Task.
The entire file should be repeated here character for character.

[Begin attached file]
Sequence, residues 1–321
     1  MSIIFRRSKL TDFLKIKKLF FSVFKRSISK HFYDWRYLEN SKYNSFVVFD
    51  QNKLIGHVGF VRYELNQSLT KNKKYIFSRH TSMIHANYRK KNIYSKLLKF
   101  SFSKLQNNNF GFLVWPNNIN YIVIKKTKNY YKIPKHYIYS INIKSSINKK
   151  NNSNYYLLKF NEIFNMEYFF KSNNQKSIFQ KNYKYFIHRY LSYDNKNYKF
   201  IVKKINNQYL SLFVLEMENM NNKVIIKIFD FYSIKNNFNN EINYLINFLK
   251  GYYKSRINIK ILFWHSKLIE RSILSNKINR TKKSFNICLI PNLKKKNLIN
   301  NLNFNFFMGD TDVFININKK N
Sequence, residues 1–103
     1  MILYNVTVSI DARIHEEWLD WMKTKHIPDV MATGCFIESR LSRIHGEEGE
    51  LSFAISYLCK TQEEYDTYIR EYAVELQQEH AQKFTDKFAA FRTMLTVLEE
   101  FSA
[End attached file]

Sequence, residues 1–321
     1  MSIIFRRSKL TDFLKIKKLF FSVFKRSISK HFYDWRYLEN SKYNSFVVFD
    51  QNKLIGHVGF VRYELNQSLT KNKKYIFSRH TSMIHANYRK KNIYSKLLKF
   101  SFSKLQNNNF GFLVWPNNIN YIVIKKTKNY YKIPKHYIYS INIKSSINKK
   151  NNSNYYLLKF NEIFNMEYFF KSNNQKSIFQ KNYKYFIHRY LSYDNKNYKF
   201  IVKKINNQYL SLFVLEMENM NNKVIIKIFD FYSIKNNFNN EINYLINFLK
   251  GYYKSRINIK ILFWHSKLIE RSILSNKINR TKKSFNICLI PNLKKKNLIN
   301  NLNFNFFMGD TDVFININKK N
Sequence, residues 1–103
     1  MILYNVTVSI DARIHEEWLD WMKTKHIPDV MATGCFIESR LSRIHGEEGE
    51  LSFAISYLCK TQEEYDTYIR EYAVELQQEH AQKFTDKFAA FRTMLTVLEE
   101  FSA